A simple soup made with fresh slippery jack mushrooms, cabbage and meat stock is one of the best things I've made with fresh Suillus, a mushroom plenty of foragers avoid.
I have come across Russians picking slippery jacks in a particular local park I frequent. The first time I saw them there, it was groups of old Russian Grandmas out picking chicken fat boletes.
The next time it was a group of elderly Russian ladies and men who split into two different groups, the men lazily picking and drinking vodka, the woman speaking with the sharp tones and inquisitive sounds I associate with gossiping. The last encounter I had with the Russian mushroom pickers ended up being me and an old Russian guy, neither of us able to speak the other one's language.
On my way to where the saffron milk caps grow I noticed a multitude of other mushrooms that I had yet to identify. They had black caps with a grey stem, and I suspected they could possibly be Russula xyanoxantha, a prized edible called “The charcoal burner”. I picked a couple of them and some other small milkcaps I suspected to be Lactarius volemus, hoping if I keyed them out later in the field guides I could uncover some interesting information, and potentially a new species to experiment with. I moved on to the saffron milkcap patch, it was pretty much a ghost town as I had hit it pretty hard the last time I was there, bringing some friends from work with the hope they could help me fully uncover more space in the patch.
Finding the milkcap patch near empty, I started back on the trail to the car. As I walked to the car I heard a rustling in the pine trees; someone was picking mushrooms. I always feel the need to spy on others who participate in one of my favorite hobbies, that day, it was a Russian Gentleman. He was much older than me, I’d say around 65-70. His clothes were dark, he was wearing a jacket I would imagine a janitor would wear, dark blue, faded and ripped in places with age. I was curious to find out what he was picking, so I waded through some pine needles and approached him. I announced:
Me: “Picking some slippery jacks?”
Old Russian Man: .............silence.........
The old man just stood there and looked at me, I couldn’t tell if he was angry or what. Then after he spoke I realized he knew no English, as in zero, nada, zilch. I motioned for him to show me what was in the large cloth bag he was carrying. He opened it up and let me see his score for the day. His bag was large, way bigger than a paper grocery bag, and it was filled with slippery jacks and another mushroom that looked like the suspect charcoal burners I had taken with to try and identify.
Curious to see if we had been picking the same mushrooms, I took one of the black mushrooms I picked out of my bag and showed it to him. I watched his face transform into a look of horror. “NO!” he shouted. He then reached for my bag and proceeded to inspect it thoroughly. The old man knelt down and went through every single mushroom in my bag. He knew no English, but he did know the words “yes” and “no”, so that is how we communicated. If he said no, he would fling the mushroom back into the woods, If he said yes, he would put it on the ground in a little “keeper” pile.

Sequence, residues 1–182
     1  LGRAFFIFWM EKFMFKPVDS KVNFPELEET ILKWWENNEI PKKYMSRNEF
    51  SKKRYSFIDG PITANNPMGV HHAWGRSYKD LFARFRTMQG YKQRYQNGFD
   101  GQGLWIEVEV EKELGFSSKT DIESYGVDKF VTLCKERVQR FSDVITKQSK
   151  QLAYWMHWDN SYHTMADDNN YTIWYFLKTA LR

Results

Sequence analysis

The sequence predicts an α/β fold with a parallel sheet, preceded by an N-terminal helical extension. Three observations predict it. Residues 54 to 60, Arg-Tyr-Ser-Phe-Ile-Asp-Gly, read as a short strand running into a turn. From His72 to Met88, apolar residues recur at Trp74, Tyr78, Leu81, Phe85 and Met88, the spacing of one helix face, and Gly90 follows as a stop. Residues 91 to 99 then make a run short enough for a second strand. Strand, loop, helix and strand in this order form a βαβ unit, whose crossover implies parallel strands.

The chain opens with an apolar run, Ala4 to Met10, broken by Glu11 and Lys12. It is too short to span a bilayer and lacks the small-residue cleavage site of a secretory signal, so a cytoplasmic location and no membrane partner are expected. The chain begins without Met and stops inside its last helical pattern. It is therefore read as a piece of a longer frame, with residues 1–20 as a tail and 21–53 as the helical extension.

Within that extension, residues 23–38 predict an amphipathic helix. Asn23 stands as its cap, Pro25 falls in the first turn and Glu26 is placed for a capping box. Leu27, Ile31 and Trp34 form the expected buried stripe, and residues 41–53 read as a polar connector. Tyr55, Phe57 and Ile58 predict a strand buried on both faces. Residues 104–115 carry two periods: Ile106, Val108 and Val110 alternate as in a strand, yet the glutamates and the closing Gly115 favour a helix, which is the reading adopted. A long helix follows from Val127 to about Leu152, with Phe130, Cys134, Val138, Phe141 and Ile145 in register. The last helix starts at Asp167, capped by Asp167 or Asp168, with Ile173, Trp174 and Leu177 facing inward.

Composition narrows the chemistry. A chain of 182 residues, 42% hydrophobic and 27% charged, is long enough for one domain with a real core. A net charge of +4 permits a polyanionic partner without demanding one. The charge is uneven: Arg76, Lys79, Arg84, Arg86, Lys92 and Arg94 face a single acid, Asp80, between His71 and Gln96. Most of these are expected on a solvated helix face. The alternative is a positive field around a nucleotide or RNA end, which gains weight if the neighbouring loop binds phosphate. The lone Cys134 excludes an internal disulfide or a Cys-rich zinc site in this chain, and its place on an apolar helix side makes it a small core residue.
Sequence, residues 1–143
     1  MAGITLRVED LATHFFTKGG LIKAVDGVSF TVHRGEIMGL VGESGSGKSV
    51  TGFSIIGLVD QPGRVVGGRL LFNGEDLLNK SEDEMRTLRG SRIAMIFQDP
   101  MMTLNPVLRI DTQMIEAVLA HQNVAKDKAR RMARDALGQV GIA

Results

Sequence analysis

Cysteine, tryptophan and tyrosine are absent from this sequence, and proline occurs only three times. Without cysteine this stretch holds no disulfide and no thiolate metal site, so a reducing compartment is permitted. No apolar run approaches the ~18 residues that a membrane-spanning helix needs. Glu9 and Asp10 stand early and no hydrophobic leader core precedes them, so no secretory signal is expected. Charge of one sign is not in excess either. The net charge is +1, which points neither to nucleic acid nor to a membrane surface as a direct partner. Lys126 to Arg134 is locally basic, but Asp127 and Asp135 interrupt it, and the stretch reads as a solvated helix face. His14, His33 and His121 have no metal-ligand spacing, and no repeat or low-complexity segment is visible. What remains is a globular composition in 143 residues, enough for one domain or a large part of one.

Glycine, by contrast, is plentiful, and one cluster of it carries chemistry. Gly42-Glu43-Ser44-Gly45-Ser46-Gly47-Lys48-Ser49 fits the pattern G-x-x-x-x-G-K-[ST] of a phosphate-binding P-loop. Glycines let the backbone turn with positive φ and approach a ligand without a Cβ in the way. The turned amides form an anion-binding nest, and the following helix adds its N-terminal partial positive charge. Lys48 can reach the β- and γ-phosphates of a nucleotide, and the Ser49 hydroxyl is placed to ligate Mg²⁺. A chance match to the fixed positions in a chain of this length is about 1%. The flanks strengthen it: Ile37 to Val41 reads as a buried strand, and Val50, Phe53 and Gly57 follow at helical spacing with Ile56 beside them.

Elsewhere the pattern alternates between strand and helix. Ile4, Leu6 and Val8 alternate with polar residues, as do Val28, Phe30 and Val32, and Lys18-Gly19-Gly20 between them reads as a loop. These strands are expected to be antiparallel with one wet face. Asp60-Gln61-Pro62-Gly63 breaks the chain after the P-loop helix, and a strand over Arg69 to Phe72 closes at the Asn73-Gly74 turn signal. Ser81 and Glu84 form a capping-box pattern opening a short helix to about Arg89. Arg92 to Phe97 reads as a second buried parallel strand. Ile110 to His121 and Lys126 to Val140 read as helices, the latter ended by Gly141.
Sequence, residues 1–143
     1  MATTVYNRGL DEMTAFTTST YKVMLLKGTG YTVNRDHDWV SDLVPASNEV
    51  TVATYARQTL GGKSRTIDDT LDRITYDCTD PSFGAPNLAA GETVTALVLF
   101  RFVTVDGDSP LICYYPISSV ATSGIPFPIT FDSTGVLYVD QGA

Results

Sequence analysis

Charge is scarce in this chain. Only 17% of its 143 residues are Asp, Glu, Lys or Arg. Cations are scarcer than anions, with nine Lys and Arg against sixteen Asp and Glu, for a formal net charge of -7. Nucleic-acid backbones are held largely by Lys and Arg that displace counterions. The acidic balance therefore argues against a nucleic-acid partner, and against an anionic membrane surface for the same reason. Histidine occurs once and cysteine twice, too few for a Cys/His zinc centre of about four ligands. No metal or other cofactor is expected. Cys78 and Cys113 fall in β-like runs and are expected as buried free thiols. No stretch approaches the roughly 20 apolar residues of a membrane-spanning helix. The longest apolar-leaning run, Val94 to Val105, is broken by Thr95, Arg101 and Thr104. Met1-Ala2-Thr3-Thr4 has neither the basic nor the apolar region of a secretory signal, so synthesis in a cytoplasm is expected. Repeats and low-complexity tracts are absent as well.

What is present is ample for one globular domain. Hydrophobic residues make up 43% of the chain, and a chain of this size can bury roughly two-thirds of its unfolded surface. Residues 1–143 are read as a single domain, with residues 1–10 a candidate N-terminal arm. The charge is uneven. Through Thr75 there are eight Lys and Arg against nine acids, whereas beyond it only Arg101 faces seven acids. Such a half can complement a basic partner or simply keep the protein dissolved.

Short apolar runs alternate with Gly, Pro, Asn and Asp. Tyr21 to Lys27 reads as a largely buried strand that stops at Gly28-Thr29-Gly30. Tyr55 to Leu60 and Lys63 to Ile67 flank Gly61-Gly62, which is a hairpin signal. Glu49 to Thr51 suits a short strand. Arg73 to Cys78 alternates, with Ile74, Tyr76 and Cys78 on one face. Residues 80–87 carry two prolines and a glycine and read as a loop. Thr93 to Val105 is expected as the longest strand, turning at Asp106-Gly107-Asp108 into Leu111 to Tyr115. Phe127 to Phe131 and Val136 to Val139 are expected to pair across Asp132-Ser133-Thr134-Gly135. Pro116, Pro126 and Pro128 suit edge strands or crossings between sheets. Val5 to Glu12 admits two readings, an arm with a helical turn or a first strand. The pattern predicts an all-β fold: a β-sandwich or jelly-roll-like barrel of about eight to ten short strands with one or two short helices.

Eventually he came across a couple of perfect buttons of Suillus luteus that I had picked and he held them up to me and said “YES”, in a tone with which one might scold a child. After he had sorted through my entire bag, he just turned around and walked off to the next tree, and continued about his business.
It really struck me later that I had been part of a caveman conversation. Maybe caveman sounds too primitive, another description might be a "trancendent linguistic experience"? Anyway we talked without using words, and it was pretty cool. Even though he didn’t know me or speak my language, he showed empathy for me, and wanted to make sure I didn’t poison myself. I liked that, and later in the day I found myself wondering what he would be making back home with his mushrooms. Not only is cooking often therapeutic and relaxes me, but it is also is a medium through which I can explore other cultures. I wanted to know what the old man cooked, and I wanted to make it too.
I can guess that he had meager means, his clothes were ripped and old, and he smelled like a straight up hobo. There would be no fancy ingredients or meat in the dish. Soup is and always has been the ultimate poor people food, put some stuff in a pot, put some water on it and cook it, that’s it. Another classic poor person food I know of also makes a great soup…cabbage. (Historically cabbage was the great sustainer of life in most of Europe, the potato took over eventually but was brought from the new world) I needed to make slippery jack and cabbage soup.
My little soup is something that I would imagine the old Russian mushroom hunter might make,although it's probably nothing close to anything traditional. I will probably never see him again, and he will never read this, but I think he'd like it.
Slippery Jack-Cabbage Soup